Oct
20
to Jan 21

Louise Dahl-Wolfe: A Style of Her Own

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From the Fashion & Textile Museum:

Louise Dahl-Wolfe (1895–1989) is one of the most important women photographers of the 20th century. Her work in the thirties, forties and fifties brought an informal and contemporary approach to fashion that had enormous influence on Richard Avedon, Irving Penn and the other great photographers who followed. A uniquely American artist, this is the first major survey of her work in the UK and is timed to coincide with a resurgence of interest in female photographers. The exhibition features over 100 photographs spanning three decades, from 1931 to 1959, and presents the work of couture designers Chanel, Balenciaga and Dior, as well as American fashion innovators Claire McCardell and Clare Potter.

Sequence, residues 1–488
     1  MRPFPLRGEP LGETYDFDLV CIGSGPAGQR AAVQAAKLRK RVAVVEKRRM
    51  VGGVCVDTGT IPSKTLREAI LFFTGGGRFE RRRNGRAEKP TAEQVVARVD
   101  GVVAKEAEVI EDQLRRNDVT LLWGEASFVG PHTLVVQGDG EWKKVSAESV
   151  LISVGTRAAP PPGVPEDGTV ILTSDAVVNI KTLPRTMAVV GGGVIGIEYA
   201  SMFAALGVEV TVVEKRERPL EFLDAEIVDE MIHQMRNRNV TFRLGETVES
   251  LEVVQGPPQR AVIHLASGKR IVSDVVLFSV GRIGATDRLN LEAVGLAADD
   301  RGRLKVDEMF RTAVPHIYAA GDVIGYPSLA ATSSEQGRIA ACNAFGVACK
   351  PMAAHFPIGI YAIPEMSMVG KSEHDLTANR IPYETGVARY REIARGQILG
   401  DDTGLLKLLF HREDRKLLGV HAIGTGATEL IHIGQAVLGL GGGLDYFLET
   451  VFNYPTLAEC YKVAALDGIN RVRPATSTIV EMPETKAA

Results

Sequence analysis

The exhibition will also present a significant body of portraiture by Dahl-Wolfe. These portraits capture literary figures such as W.H. Auden, Christopher Isherwood, Jean Cocteau, Edith Sitwell, Colette and Carson McCullers. She also documented fashion designers; and a major portfolio of Hollywood stars from Bette Davis, Orson Welles and Vivien Leigh in the 1930s to James Cagney and Veronica Lake in the 1940s.

A key focus of the exhibition is Dahl-Wolfe’s 22 years as the leading contributor to Harper’s Bazaar, from 1936 to 1958, working with editor Carmel Snow, legendary fashion director Diana Vreeland and the designer Alexey Brodovitch. ‘From the moment I saw her first colour photographs, I knew Bazaar was at last going to look the way I had instinctively wanted,’ declared editor Carmel Snow.